Title: The Graveyard Book
Author: Neil Gaiman
Rating: 5/5 stars
The Graveyard Book is the story of Nobody Owens, a boy whose family is murdered one night and who is subsequently raised in a graveyard. In typical Gaiman fashion, even though this story is completely implausible, you completely believe that a boy can be raised by ghosts in a graveyard.
I was really pleased to read this book. Gaiman deftly creates something so much more than a ghost story; it is a story about growing up, becoming the person you are meant to be and accepting your place in the world and ultimately having no regrets about the decisions that you make on that journey. At least that's what I got out of it. The story opens with 3 murders; the man Jack is out to kill a family. However, even though he may be the best for this job, the toddler escapes. The man Jack follows him to a graveyard, but the child's family is one step ahead, their ghosts pleading to the inhabitants of the graveyard to protect the child. A ghost, Mrs. Owens, agrees to take in the child, who is given Freedom of the Graveyard, the ability to live there, almost spectral like, and also giving him total protection from the man Jack. Not knowing what he is called, his new extended family names him Nobody Owens, or Bod for short.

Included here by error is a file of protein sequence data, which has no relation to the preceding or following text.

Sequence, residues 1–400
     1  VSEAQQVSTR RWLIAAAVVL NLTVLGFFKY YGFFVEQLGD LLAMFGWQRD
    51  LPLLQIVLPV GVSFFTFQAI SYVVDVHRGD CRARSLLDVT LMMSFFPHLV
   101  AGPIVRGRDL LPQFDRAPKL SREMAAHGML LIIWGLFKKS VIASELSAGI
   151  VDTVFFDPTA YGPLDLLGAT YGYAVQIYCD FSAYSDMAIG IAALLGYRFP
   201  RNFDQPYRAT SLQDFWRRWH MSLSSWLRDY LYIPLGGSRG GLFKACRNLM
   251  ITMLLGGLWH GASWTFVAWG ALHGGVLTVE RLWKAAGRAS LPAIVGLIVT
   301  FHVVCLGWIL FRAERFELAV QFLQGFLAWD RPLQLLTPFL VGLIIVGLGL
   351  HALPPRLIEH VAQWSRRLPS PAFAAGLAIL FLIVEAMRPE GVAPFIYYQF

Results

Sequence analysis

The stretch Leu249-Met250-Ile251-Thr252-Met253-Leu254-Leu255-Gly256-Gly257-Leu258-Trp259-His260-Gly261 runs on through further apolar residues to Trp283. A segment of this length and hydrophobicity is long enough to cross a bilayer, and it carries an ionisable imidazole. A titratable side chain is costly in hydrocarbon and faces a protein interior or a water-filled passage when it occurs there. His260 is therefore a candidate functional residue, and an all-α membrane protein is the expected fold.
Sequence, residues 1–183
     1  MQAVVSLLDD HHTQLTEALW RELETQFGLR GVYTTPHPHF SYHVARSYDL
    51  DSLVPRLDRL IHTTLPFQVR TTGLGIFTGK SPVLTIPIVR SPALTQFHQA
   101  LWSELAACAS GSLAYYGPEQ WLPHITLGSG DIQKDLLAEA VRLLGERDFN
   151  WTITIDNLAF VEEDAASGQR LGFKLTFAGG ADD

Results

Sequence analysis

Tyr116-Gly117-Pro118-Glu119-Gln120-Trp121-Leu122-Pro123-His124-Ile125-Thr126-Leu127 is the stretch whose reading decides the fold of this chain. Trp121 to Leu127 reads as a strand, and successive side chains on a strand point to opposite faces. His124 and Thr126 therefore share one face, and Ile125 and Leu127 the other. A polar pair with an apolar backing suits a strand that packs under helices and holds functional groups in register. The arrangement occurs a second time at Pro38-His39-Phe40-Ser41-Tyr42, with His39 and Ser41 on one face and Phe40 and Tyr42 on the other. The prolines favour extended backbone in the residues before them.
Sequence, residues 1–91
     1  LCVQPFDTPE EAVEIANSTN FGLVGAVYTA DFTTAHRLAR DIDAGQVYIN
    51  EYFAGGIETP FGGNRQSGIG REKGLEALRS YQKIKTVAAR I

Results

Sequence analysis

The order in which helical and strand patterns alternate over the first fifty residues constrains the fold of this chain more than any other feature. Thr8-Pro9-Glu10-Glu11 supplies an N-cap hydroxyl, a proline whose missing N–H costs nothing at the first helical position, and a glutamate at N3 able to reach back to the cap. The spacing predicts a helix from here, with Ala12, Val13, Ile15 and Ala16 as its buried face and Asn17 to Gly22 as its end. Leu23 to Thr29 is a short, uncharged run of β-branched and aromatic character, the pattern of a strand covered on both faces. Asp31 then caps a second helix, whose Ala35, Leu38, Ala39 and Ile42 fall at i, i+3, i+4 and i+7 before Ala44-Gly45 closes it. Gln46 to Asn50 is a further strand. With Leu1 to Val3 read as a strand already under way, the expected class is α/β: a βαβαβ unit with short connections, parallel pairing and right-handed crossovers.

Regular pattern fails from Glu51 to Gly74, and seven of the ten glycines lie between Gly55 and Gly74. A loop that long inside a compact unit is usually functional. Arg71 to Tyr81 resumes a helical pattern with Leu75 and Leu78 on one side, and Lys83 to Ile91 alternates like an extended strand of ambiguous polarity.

Bod has several adventures during his younger days, and the denizens of the graveyard do their best to provide for him, but eventually, as with any young person, Bod begins to questions his place in the only world he has known, the graveyard. He begins to venture out into the real world, bringing unwanted attention to himself, especially from the man Jack. The book finds Bod coming into his own as he confronts the man Jack and overcomes the obstacles set before him.
There are lots of clever moments and turns of phrase in the book (like the man Jack, and the organization he works for) and the story really flows nicely. The accompanying illustrations by Dave McKean work surprisingly well with the story, adding just that much more texture to the reading experience.
This was a real treat of a book, and I was almost sad when I finished the story; it was a world that I would have been happy to have visited for awhile more.